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October 31, 2005

Alito, the GOP, and the Far Right

Listed in: Separation of Church and State, NJDC News, Press Releases

With his approval ratings sagging into the thirties, the president this morning demonstrated yet again that George W. Bush and the GOP have never been more dependent on the far-right wing for support.

Just listen to the words of Nina Totenberg -- a non-partisan legal affairs correspondent and veteran court-watcher -- on National Public Radio this morning:

"If Judge Alito is confirmed, the Court will move dramatically, dramatically to the right. ...There is no question where he is; he's been on the Court for fifteen years, there is an established record... and it's going to show a very, very conservative judge."

Following the bungled nomination of Harriet Miers, ongoing investigations that have resulted in the indictment of a top White House official, and a failed federal response to hurricane relief -- in which the federal government even encouraged Americans to donate to Pat Robertson, this president could have appealed this morning to the vast majority of Americans.

But he did not.

Instead, he chose to placate the most extreme conservative elements of his party -- to the detriment of the great majority of this country.

This morning's nomination is just the latest chapter in the deepening commitment by George W. Bush and today's GOP to appease the far-right; below we briefly examine an assortment of recent examples of this close relationship.

1. The Nomination of Judge Samuel Alito

In replacing retiring Justice Sandra Day O'Connor, who cast key deciding votes in favor of a woman's right to choose and the separation of church and state, George W. Bush opted not to nominate a highly-qualified woman -- nor did he choose to appeal to most Americans. Instead, he selected a nominee to appeal to the far-right wing; one need only listen to the reaction of the most extreme elements of the conservative coalition to demonstrate this:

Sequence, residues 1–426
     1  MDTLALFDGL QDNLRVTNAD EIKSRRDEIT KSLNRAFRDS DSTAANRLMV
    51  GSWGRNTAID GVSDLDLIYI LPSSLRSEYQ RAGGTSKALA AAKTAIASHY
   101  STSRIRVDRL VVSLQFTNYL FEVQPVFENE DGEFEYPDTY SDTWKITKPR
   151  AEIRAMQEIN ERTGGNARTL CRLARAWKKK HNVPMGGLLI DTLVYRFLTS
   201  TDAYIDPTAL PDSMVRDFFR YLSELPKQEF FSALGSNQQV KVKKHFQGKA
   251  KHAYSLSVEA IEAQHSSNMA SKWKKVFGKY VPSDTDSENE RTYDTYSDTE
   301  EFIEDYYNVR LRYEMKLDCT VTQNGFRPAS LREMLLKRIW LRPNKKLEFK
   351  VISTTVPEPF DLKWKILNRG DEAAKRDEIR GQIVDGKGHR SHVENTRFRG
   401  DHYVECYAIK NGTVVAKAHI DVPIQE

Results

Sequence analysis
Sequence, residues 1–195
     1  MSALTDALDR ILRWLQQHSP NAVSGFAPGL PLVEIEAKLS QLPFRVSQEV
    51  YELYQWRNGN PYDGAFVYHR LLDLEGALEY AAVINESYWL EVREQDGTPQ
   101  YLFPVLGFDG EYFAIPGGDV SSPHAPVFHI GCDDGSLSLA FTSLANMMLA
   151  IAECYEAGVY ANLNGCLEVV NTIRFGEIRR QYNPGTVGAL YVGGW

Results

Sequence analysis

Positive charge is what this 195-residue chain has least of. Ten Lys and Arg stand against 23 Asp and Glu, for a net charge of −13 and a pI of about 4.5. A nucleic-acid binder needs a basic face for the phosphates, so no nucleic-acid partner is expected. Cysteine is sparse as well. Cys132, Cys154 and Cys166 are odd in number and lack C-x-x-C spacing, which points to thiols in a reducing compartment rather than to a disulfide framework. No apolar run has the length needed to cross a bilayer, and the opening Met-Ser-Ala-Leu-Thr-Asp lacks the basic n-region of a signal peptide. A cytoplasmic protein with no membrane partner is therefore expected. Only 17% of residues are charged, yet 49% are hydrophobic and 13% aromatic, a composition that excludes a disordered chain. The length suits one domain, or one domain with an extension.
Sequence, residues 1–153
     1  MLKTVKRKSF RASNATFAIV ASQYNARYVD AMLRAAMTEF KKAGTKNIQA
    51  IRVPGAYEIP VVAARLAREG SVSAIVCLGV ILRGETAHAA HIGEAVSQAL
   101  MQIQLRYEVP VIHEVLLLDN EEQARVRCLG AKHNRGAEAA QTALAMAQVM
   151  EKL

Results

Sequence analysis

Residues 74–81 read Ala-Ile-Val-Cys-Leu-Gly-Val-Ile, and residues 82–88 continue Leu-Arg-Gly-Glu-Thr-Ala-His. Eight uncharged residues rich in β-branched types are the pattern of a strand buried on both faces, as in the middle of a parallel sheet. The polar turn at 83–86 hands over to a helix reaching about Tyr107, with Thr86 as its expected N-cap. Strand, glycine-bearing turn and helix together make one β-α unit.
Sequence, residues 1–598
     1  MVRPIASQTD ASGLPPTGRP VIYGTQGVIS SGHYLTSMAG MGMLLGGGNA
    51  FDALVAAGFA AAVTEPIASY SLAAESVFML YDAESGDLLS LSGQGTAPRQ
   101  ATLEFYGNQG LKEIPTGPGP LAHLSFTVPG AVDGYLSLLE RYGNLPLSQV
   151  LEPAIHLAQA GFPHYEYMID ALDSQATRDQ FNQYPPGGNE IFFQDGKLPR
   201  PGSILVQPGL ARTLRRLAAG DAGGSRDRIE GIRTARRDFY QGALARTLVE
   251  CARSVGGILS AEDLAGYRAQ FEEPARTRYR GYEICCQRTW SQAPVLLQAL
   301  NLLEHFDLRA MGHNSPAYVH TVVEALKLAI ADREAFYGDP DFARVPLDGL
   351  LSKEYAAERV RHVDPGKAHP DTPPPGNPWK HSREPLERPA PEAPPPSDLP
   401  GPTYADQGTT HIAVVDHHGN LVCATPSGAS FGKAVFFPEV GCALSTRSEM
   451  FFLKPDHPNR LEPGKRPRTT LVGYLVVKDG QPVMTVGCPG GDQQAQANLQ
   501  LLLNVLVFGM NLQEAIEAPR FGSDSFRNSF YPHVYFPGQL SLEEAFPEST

** The Reverend Rob Schenck -- self-described "missionary to Capitol Hill," and president of "Faith and Action" -- said this morning, "From what we know, Judge Alito has a proven track record of respect for the original intent of the framers of the constitution when it comes to the sanctity of life, the sanctity of marriage, and the public acknowledgment of God. We are calling on Christian people of every tradition to pray for Judge Alito and the members of the US Senate as the confirmation process begins, and for the future of the Supreme Court."

** "Priests for Life" released a statement this morning in which National Director Fr. Frank Pavone commented, "We also welcome the debate over 'conservative values.' The nation is in a culture war, and there's no need to hide that fact. Some Senators will oppose any change on the Court that would threaten so-called 'abortion rights.' But the American people are already deciding that their Constitution does not permit dismembering children. It is inevitable that the Court will catch up."